DEEG Applicability: Good. Come on, haven't you heard of the motherfucking Trendies?
2) Blog must feature regular and relevant original Buffalo Sabres content.
-Um, okay. This is our first vague and arbitrary guideline. "Regular" content makes sense, you don't want someone churning out two posts a season or course, that pretty much ties in with the first guideline. But "relevant" and "original?" What one reader judges as relevant may not be relevant to another. By way of example, some bloggers and fans feel that the Sabres twitter account, or the team's inability to air preseason games is extremely relevant to the respect of the organization as a whole. Others are concerned far more with the noise in the FNC, others with line selection, player assignments, and so on and so forth. Maybe I may feel it's relevant to point out that John Scott is getting more minutes than Grigorenko, but whoever is evaluating our content under the Sabres blogger rubric may feel that as a coach's decision, it is irrelevant. I mean, everyone who is applying for this is a Sabres blogger... shouldn't it ALL be relevant? I'm not ranking my winter beers here.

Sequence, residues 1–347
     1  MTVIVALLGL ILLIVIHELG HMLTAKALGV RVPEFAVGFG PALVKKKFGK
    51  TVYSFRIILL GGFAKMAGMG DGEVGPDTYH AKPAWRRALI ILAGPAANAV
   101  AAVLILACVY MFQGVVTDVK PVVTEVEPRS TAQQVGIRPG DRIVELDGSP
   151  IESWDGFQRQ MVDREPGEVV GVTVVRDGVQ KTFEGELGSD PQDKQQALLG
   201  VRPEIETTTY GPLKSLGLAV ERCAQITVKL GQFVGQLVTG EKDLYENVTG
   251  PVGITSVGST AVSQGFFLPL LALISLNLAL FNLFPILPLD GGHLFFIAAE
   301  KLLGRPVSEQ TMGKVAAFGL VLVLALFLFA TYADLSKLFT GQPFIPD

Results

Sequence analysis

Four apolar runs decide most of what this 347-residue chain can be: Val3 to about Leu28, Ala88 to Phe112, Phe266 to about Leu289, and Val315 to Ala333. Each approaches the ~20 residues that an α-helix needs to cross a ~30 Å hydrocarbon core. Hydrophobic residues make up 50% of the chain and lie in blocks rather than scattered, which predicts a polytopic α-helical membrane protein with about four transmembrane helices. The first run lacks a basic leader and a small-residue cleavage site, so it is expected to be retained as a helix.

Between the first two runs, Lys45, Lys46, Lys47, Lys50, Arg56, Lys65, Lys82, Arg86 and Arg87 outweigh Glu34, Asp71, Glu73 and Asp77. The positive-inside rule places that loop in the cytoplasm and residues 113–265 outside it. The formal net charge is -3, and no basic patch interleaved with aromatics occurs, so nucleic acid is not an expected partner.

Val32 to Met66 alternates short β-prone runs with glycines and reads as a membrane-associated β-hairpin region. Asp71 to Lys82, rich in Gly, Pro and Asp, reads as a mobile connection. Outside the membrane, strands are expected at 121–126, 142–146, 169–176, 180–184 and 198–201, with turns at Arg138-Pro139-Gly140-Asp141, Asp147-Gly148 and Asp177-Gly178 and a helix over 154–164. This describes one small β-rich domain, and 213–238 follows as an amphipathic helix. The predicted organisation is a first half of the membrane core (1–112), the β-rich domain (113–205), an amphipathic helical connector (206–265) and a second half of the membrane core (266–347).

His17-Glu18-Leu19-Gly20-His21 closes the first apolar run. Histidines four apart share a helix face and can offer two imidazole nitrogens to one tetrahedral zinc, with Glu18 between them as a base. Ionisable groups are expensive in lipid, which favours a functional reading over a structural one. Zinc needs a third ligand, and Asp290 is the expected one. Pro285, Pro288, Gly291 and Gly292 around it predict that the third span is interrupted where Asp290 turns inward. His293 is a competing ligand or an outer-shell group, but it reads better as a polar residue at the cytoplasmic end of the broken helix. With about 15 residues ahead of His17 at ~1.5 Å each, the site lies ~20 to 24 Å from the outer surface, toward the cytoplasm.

DEEG Applicability: Regular? Probably. Relevant? NO clue. Original? I'd like to think our voices are quite original in the way that the wobbling guy pissing in the corner of the bar is being original. WE GOOD.
3) Blog content must follow ethical guidelines.
DEEG Applicability: Here at the Deeg we identify stupidity and incompetence on and off the field/ice. We do so in colorful adult language and make wild generalizations at appropriate and inappropriate times. We're a stubborn bunch who, when it comes down to it, simply want our favorite hockeypucks team to do well. We're also, as I've found out, allowed in the building with our own name tag and everything, and didn't pee on anything while we were there. While there may be respect from the organization for a Blogger Summit, I have to imagine we wouldn't get approved on this criteria alone.
But wait! There's more!
4) Applicant must maintain a professional demeanor at all times if granted access, this includes appropriate dress and a professional attitude in the press box.
-Okay we're back to being clear and reasonable. Although "appropriate dress" is not explained, I have to assume this means no Sabres jersey's and no "Breathalyzer Here" shirts with the arrow pointing down to your shaft. I assume between that spectrum things are pretty relaxed.
DEEG Applicability: Not saying it wouldn't be difficult to avoid dropping a "Jesus fucking Christ McCormick you cock" on occasion, but I could restrain myself. If one of us were to ever show up intoxicated, I think we'd make it three minutes into the first before being hauled away. Fair enough.
5) Applicant must create content based on access (will be used to determine access to future games)